Isaiah Livers graduated from college. Then he graduated from a walking boot.
But the former Michigan standout, who earned his degree in May, knows there’s a bit more standing around to do before his professional career is truly off and running. A bit more than he’d like, obviously.
“It’s really hard for me to just sit here and watch,” Livers admitted Thursday in an interview from Chicago, where the NBA’s annual draft combine is underway. “Because I want to get out there and play. But you know how that goes.”
He certainly does, nearly four months after a stress fracture in his right foot ended Livers’ season — and ultimately his college career — just prior to the Wolverines’ NCAA tournament run.
Michigan’s senior captain, who was enjoying the best season of his college career, then underwent surgery to help the healing process 12 weeks ago, and a checkup with his surgeon, Dr. David Porter at Methodist Sports Medicine Center in Carmel, Indiana, was encouraging.
“He says I’m ahead of schedule,” said Livers, who is targeting a return to 5-on-5 basketball workouts in early September. “Everything looks great. There’s been no setbacks. I’ve been doing everything they said, been very particular about what I’m doing every day in my rehab. My foot feels good right now.”
Better, too, now that it’s out of a walking boot and into a shoe that’s reinforced with a metal plate for now. Livers laughed as he talked about how excited he was to get on a StairMaster for the first time today, the next step after riding a stationary bike and running in the pool.
“I’m able to do a lot more each day,” said Livers, who spent weeks doing shooting drills while seated in a folding chair this spring. “You can see the light at the end of the tunnel.”
Making an impression
You can hear it in voice as well this week in Chicago, where Livers, who turns 23 next month, measured at just under 6-foot-6 — 6-7¼ in shoes — and 231 pounds this week. Still, while dozens of draft hopefuls were on the court competing in scrimmages Thursday, as NBA scouts, coaches and front-office executives looked on, the more important measurements for Livers are being taken in individual meetings with teams.
He interviewed with several NBA teams last spring as he tested the waters before ultimately opting to return for his senior year with the Wolverines. In Chicago this week, Livers says he has talked with Utah, New York, Miami and the Los Angeles Clippers, among others. Many more will follow after the combine, though, as teams want to fly him to their own team facilities for a medical checkup.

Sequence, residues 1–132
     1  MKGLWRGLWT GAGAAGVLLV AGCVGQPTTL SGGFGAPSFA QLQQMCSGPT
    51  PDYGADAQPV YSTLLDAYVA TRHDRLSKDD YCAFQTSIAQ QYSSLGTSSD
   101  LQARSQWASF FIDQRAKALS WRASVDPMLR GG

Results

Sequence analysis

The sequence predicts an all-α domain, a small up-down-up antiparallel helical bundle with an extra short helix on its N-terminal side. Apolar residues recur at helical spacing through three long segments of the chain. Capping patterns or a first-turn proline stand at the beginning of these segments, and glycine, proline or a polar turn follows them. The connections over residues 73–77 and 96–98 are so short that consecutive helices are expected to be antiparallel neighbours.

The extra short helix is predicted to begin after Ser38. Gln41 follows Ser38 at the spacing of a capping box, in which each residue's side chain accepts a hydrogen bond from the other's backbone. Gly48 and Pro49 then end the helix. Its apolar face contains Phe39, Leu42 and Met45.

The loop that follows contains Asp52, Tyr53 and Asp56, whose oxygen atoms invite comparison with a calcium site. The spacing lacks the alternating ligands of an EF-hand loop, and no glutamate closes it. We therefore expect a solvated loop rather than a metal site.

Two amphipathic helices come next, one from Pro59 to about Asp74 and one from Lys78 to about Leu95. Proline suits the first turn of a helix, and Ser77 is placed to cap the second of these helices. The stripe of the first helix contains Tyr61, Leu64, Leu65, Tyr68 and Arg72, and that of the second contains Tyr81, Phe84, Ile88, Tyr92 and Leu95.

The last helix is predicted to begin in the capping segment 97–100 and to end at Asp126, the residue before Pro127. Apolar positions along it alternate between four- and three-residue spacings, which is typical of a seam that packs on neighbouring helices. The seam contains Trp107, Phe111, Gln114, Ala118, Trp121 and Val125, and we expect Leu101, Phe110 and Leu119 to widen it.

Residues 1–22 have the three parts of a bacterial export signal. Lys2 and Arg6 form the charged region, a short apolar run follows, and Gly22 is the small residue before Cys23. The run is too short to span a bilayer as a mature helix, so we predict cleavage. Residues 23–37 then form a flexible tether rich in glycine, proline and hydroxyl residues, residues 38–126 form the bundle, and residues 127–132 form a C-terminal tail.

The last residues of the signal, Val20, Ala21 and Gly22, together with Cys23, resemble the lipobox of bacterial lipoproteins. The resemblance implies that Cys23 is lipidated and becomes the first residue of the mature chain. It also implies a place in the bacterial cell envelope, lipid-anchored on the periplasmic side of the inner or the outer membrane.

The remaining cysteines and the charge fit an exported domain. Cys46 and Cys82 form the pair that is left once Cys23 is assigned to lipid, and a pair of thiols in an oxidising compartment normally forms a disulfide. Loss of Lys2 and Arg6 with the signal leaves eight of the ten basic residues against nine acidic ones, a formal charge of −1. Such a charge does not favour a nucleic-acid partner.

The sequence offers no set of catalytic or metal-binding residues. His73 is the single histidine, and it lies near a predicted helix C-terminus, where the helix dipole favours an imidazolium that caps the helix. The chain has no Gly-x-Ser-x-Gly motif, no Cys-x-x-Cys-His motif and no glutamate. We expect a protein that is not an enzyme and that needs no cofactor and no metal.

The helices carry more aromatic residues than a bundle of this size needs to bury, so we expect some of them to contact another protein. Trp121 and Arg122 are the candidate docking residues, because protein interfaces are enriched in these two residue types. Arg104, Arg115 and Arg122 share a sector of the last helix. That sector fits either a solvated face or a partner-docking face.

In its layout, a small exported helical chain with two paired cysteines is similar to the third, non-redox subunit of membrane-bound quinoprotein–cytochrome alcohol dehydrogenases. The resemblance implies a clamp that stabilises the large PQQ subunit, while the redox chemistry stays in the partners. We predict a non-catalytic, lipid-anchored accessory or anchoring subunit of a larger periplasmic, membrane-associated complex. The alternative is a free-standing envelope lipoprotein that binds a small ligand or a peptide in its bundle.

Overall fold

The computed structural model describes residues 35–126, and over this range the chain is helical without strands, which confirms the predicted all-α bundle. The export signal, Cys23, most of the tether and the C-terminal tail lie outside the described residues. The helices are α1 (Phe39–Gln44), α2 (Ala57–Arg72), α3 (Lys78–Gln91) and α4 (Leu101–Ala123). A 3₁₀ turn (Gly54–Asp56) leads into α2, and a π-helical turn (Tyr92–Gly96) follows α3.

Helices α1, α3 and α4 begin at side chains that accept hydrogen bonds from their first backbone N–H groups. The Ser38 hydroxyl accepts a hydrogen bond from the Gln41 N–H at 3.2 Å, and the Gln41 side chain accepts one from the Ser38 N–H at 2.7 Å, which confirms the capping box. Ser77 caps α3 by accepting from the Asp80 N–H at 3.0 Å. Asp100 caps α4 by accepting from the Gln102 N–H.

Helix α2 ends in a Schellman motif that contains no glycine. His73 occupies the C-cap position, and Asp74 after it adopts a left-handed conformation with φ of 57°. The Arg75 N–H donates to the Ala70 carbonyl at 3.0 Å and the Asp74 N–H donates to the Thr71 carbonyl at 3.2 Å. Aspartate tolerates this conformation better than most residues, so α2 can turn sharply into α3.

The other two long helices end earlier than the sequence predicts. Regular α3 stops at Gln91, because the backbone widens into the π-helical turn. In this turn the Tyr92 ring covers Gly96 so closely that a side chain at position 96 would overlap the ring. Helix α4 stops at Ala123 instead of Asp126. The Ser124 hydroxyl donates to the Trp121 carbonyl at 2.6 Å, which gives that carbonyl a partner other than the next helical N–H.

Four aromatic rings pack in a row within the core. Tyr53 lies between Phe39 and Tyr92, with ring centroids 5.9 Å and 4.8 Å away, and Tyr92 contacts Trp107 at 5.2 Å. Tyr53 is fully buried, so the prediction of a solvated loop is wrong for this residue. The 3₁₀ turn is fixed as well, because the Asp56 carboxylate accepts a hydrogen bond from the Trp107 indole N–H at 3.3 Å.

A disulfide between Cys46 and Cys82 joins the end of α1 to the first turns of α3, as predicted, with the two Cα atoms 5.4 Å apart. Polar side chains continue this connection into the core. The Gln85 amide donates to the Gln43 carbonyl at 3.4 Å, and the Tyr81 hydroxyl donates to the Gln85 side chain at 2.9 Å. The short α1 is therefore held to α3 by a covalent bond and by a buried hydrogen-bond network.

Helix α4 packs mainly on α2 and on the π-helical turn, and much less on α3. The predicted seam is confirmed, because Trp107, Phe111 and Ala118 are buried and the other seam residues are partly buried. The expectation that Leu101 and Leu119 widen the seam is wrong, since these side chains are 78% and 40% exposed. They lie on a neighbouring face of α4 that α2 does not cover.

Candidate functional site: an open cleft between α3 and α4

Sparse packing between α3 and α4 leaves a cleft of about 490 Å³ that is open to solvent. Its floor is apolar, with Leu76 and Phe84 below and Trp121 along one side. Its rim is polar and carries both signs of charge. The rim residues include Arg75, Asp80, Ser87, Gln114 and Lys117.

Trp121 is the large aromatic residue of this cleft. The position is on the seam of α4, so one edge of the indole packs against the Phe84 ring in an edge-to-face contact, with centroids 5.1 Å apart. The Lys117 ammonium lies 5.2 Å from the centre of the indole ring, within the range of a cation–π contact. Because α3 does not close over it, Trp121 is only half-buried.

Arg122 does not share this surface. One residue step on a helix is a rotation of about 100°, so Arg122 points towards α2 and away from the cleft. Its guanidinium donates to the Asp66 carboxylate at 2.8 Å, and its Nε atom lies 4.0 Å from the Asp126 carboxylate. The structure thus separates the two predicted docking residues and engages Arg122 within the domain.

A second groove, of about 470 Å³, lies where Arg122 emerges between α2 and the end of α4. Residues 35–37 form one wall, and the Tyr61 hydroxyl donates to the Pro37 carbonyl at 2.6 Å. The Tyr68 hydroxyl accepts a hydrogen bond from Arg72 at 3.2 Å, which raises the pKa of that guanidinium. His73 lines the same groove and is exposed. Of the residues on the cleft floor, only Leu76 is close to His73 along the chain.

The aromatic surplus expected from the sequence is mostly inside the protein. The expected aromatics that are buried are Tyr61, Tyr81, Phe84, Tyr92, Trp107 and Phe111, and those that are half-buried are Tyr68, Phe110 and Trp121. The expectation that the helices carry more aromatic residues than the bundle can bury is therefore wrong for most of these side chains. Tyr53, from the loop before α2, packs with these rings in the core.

In the meantime, Livers says, the interviews have been “super positive.”
“There’s some interest there and that can go a long way, especially when I can’t get on the court and show ’em what I’m capable of right now,” said Livers, the former Michigan Mr. Basketball out of Kalamazoo Central. “Interviews are huge. Presenting, and really telling them about myself, is the key to each conversation.
“The energy’s been great, they’ve been very lively. They all understand my situation. They all know I have a resume, and they know what I can do. It’s no secret.”
Still, it’s a bit of mystery, trying to figure out where he’ll end up. Or even if he’ll be drafted at all.
ESPN draft analyst Jonathan Givony has Livers going late in the second round — 57th overall to Charlotte — in his most recent mock draft. (Michigan State’s Aaron Henry, who was a late scratch from combine scrimmages and media availability Thursday, is projected to go 43rd to New Orleans in that same ESPN mock draft.)
“But I’m a long-term thinker; I’m not really thinking about short term,” Livers said. “Getting drafted, obviously, is a priority. But playing in the league is my main priority.”
He credits the help and encouragement he’s gotten from former coach John Beilein, now a senior adviser for player development with the Pistons, along the way. And he calls Michigan’s Juwan Howard, who coached him the last two seasons in Ann Arbor after nearly 20 years in the NBA as a player and assistant coach, his own personal “cheat code” when it comes to understanding what lies ahead.
“He has a lot of knowledge,” Livers said. “And I used my last years at Michigan to really pick his brain.”
He also has talked at length with his former teammate and close friend, Jordan Poole. A first-round pick by Golden State in 2019, Poole spent parts of his first two pro seasons playing the G League, but he flourished for Steve Kerr and the Warriors after the latest stint this past winter.
“It’s all about getting the trust with that coach first,” Livers said.
But first it’s about getting fully healthy.
“Jordan told me, ‘Don’t rush it,’” Livers said. “‘Everybody has your resume, they know what you can do. They know what you’re capable of, your potential, all that. So there’s no reason to rush back. Make sure you’re 100%.”
When he is, Livers is convinced he can make an NBA roster, and make a difference, initially as a 3-and-D option off the bench. (Come to think of it, how about a reunion with Beilein in Detroit?) Livers shot 43.1% from 3-point range while averaging five attempts per game as a senior. He showed NBA scouts this past season he can shoot off the dribble as well.
He’s a high-IQ player who proved himself as a leader, on and off the court, even in spite of his injuries the last two seasons. And at his size, with an ability to defend multiple positions, that should be enough for Livers to get a foot in the door.
All he needs now is a doctor’s clearance.